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Examples of Admission Control Uses

Businesses might use the following examples as part of future security policies for NAC to enforce. Some of these capabilities exist today in partner vendor products, while others require some development. All are possible with the use of custom applications that can plug into the NAC framework:

  • Track and manage company assets
  • Enforce the use of corporate-approved software
  • Enforce operating system access control
  • Enforce physical identification for higher security clearance
  • Enforce a business policy or rule
  • Enforce regulatory compliance
  • Enact roles-based provisioning
  • Enforce data restriction when external media is detected
  • Use customized shared resources

The following sections cover these uses.

Tracking and Managing Company Assets

When a device is detected by the network, the serial number is checked with a policy server and a back-end database for validation. Only company-owned assets are allowed access to the network. If the host is assigned to a user, only the assigned user can successfully log in to the host computer. In addition, the database can be updated to provide a general location of where the host is logged in or was last logged in. The location can be determined by the NAD servicing it.

Enforcing Use of Corporate-Approved Software

Ensure that the host is running corporate-approved software (for example, corporate image). This could be determined by the host identity, such as the serial number, or by user identity. Use NAC to limit network access to users whose hosts are not running corporate-sanctioned software or image, regardless of application.

Enforcing Operating System Access Control

Protect operating system integrity by prohibiting access or changes to sensitive system files, system binaries, and registry settings. An example is to allow basic actions required by the operating system process but to prevent file manipulation by users or applications from the Windows system directory. Enforce the host firewall or require the use of Windows IPsec filtering to control the type of traffic, such as a shared server or PC, that reaches a host. A HIPS such as CSA can provide this type of hardening capability today. Use NAC to enforce an OS-hardening policy before the host is allowed access to the network.

Enforcing Physical Identification for Higher Security Clearance

For an extra layer of defense, add a physical authentication requirement to associate a specific host to a specific user when the user attempts to access extremely confidential information. The technology could use a portable USB smart token or even a biometric device to perform physical identification verification (PIV). The PIV device could scan and verify a user’s fingerprint, palm, or even eye. An example of physical identification enforcement is where an admission policy requires a portable USB secure token to be present in the host that is attempting network access. The secure token requires a valid personal identification number (PIN) to be entered by the user for the host’s security application to initiate the NAC validation process. After being successfully authenticated with this physical identity credential, the user gets more privileges assigned with a higher security clearance from the policy server. This higher privilege remains active until the assigned time period expires or until the USB secure token is removed. NAC has configurable timers and/or uses EAP over LAN–Start (EAPoL-Start) with 802.1X to verify that the device is still compliant with the existing security policy. It can detect when a change occurs. Another option is to have the host application reinitiate the NAC process when it detects a change, such as removing the USB token, to lower the user’s security clearance.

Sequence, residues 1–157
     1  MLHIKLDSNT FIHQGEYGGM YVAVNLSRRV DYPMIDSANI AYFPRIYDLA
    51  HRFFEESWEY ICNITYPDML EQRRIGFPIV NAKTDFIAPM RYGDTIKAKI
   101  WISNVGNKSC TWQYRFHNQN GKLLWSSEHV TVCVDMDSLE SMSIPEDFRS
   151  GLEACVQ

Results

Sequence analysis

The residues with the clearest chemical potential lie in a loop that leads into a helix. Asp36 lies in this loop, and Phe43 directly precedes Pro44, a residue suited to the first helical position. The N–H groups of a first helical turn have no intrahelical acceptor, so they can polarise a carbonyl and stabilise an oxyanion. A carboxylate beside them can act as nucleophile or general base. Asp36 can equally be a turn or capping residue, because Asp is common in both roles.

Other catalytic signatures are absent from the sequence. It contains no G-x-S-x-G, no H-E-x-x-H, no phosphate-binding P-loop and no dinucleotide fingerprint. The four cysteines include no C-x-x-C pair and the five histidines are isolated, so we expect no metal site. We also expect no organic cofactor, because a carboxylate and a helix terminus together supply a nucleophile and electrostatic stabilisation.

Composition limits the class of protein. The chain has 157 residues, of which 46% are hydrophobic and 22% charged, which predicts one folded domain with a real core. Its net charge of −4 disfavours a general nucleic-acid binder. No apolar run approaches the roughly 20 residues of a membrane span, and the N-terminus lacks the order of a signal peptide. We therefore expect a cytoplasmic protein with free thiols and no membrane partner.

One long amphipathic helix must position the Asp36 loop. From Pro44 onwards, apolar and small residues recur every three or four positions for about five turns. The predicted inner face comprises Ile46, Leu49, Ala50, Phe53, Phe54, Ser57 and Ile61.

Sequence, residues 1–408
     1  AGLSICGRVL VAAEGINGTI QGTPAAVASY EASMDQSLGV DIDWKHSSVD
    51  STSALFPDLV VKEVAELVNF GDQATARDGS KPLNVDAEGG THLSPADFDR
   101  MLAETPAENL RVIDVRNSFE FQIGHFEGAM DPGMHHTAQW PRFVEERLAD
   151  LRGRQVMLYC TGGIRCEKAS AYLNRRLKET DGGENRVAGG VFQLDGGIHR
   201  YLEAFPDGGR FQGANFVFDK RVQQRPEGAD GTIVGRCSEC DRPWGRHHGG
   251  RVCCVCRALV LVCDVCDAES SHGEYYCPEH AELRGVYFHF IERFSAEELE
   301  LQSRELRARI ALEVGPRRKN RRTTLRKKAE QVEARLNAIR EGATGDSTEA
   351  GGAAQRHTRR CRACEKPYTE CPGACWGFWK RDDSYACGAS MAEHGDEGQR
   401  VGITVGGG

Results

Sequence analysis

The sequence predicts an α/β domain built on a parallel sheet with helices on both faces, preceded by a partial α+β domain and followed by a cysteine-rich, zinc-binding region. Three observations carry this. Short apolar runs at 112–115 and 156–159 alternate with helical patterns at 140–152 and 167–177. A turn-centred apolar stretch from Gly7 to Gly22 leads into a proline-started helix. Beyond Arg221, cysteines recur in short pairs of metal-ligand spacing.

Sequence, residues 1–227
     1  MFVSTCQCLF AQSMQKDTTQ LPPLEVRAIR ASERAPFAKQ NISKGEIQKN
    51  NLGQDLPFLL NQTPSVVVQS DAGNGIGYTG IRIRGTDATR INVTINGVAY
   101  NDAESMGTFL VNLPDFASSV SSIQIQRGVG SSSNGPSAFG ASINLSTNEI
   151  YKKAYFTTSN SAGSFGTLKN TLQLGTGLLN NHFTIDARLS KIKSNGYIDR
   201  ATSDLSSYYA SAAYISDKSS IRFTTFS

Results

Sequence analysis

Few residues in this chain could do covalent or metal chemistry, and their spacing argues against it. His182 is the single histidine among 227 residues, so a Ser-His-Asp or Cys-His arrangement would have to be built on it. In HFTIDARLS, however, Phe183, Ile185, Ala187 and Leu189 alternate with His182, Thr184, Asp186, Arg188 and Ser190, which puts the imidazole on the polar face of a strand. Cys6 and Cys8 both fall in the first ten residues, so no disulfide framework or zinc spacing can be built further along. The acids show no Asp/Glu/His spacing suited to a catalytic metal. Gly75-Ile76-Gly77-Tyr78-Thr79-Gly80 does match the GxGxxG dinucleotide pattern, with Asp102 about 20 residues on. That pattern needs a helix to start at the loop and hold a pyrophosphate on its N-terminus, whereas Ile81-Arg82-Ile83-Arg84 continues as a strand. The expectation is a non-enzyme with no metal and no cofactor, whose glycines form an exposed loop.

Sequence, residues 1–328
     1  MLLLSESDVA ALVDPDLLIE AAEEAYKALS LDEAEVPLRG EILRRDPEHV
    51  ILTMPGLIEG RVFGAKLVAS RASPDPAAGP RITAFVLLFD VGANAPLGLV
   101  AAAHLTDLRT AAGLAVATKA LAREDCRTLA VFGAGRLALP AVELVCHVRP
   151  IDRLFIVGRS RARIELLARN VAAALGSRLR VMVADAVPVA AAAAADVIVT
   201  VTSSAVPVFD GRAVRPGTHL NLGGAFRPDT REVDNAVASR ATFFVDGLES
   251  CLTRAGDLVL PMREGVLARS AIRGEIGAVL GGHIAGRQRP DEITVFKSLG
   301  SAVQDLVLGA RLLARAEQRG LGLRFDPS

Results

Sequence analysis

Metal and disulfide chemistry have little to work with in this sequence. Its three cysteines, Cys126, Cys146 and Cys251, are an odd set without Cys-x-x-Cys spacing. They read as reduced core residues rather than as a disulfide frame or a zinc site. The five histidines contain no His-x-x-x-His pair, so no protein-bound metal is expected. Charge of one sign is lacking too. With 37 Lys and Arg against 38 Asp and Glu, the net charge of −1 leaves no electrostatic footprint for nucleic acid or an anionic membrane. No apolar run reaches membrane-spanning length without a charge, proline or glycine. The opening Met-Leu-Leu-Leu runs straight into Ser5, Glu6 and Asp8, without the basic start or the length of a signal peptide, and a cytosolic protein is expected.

Enforcing a Business Policy or Rule

Your business might have rules for users that can be automated for a quick, consistent resolution. An example is a user that requires manager approval to access a certain server or file or to download company-provided software. The user who needs permission attempts access but is denied. However, the user can be automatically redirected to an application to submit the request. After the request is submitted, it is automatically routed electronically to the user’s manager for approval and allows an expiration period to be assigned to this privilege. After approval is gained, the policy server raises the user’s access privilege for a period of time and notifies the user by means of a pop-up or e-mail message that access to the server or file is now available.

Enforcing Regulatory Compliance